In terms of pizza notoriety, New York style pizza may be one of the first that comes to mind—in fact, American pizza history has its origins in New York City, dating back to 1905. Within NYC lies Queens, which joined the pizza scene in the 1950s. Nestled on the far east side and located adjacent to Brooklyn, Queens is the largest borough in the city—this means there is plenty of pizza to choose from! Because the food scene in Queens is so competitive, pizzerias offer plentiful selections to cater to every need. In terms of style, many pizzerias in Queens have tried to maintain the authentic, rustic, hole-in-the-wall atmosphere. It is quintessential, in fact, to offer pizza sold out of a window on a restaurant’s façade. Many pizzerias in Queens are owned and operated by Italian-American immigrants, which means you get a really authentic experience. You will find a lot of “classic” and by-the-slice restaurants, some of which have been around for over 50 years!
88-02 Little Neck Pkwy, Queens, NY 11001
26 19 23rd Ave, Queens, NY 11105
80-01 Myrtle Ave, Queens, NY 11385
95-06 Roosevelt Ave, Queens, NY 11372
10-01 36th Ave, Queens, NY 11106
28-17 36th Ave, Queens, NY 11106
57-29 61st St, Queens, NY 11378
62-98 Forest Ave, Queens, NY 11385
Though Queens’ most popular type of pizza is the New York-style, which offers a pliant and thin crust that thickens and becomes crispy along the edge, there has also been a growth of Brooklyn-style pizza in the area because of its proximity to the neighboring borough. Both are foldable and designed for portability, which ties in with the on-the-go lifestyle of many New Yorkers, both young and old. However, the New York-style has cheese that spans the entire diameter of the pie, while the Brooklyn style offers a thinner and crispier crust with toppings that are more dispersed. When there was a surge of pizzeria openings in the area—dubbed the “First Golden Age of the Slice”—in the ‘60s and ‘70s, there was a shift in popularity from the classic minimalist Neapolitan-American pizza to the more affordable and cheesy New York-style. The movement from sit-down and moderately priced pizzerias to more affordable pizzas that can be eaten with one hand has revamped the standards for what is considered a classic New York pizza.
Angelo’s Pizza lies in an area in Queens called Corona, and it is mere blocks away from the Corona Arts & Sciences Academy, which provides a lot of its clientele. Featuring a brick corner storefront, before you even enter you can tell it has a traditional vibe. It offers a wide selection of pizzas and dishes, including its predominant New York-style and gourmet pizzas, hero sandwiches, calzones, pasta, and more. At this establishment, you can either custom order your pizza or get one that is pre-listed, and they come whole or by the slice. Customizable pizzas are either of New York or Sicilian style. The menu items are moderately priced, but a lot of entrees and whole pizzas are a bit more expensive. Pizza and lasagna are their most highly-rated menu items, and there are plenty of vegetarian options available. Here, the delivery fee is only $1, but there is a $15 minimum.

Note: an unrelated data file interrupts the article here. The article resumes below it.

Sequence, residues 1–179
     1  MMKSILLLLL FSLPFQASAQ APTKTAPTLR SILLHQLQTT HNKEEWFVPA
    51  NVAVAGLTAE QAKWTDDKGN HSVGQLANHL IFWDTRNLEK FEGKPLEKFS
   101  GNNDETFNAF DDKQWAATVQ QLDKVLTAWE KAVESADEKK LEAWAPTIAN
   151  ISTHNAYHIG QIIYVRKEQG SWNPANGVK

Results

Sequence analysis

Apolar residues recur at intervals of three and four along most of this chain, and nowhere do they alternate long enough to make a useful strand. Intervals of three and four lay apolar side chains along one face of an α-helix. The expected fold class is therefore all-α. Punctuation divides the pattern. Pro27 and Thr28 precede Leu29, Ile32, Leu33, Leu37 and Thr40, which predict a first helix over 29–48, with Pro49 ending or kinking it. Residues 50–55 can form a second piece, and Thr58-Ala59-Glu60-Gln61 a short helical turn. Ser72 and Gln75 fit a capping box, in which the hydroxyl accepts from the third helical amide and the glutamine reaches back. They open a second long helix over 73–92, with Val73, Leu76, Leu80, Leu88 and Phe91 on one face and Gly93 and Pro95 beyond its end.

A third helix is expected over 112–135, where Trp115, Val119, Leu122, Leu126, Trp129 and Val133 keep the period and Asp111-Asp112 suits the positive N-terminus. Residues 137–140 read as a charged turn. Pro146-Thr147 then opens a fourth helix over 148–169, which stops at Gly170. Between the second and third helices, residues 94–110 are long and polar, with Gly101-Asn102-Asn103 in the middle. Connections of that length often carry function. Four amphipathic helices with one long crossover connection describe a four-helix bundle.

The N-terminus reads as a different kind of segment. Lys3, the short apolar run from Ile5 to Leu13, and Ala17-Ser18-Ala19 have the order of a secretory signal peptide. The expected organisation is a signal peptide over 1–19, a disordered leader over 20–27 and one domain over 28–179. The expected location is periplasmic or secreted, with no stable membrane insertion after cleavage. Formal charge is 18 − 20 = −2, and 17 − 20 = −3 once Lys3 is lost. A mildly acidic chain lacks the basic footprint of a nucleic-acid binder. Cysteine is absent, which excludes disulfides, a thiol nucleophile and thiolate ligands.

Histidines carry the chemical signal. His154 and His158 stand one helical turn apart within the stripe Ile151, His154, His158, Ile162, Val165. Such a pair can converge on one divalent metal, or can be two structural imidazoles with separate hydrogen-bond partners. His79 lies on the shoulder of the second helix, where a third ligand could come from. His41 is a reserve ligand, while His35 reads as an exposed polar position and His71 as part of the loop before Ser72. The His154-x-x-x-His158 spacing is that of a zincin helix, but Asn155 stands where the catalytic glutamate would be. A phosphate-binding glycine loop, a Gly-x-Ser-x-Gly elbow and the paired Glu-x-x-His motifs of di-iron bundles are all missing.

Domenick’s Pizza can be found in the Jamaica neighborhood in Queens. It is surrounded by other restaurants with similar unassuming storefronts, and its small size is due to its takeout-centric clientele. It offers minimal indoor seating, and the walls are adorned with a mural depicting Italian scenery. You can easily tell that it has been around for a long time. Plus, its high Slice rating and positions in all three of the recommended lists are evidence of its success. The restaurant has a massive menu containing not only several different types of pizza, but also salads, soups, sandwiches, and other entrees. The pizza itself can get pretty expensive, but there are many other cost-effective menu items. They do not exclusively sell Italian food—though out of everything, that is what they have the most of—and offer American selections as well. Most customers grab their pizza at the counter to eat on the go, but they also offer free delivery with only a $10 minimum.
The Elmont area is just to the east of Queens Village and has its own collection of pizzerias. At King Umberto’s of Elmont, the prices can be high. It is an upscale restaurant with a gorgeous interior, and has separate dining room and pizzeria menus. The pizzeria selection is abundant with both traditional and premium pies, including gluten-free options.
Located north of Elmont, New Hyde Park is home to a plethora of pizza establishments. One of its top rated is Toscana Pizzeria Restaurant, whose specialty is thin pizza, but they also offer other types. Their storefront and interior have a casual design. You can customize your pizza with a variety of toppings, and they even offer a cauliflower crust.
Sitting to the south east of Elmont, Franklin Square is home to Chef Gigi’s Place Naples Street Food, one of many pizzerias offered in the area. Their menu is overwhelmingly big and offers numerous styles of pizza, including those with exotic toppings and uncommonly authentic crusts.
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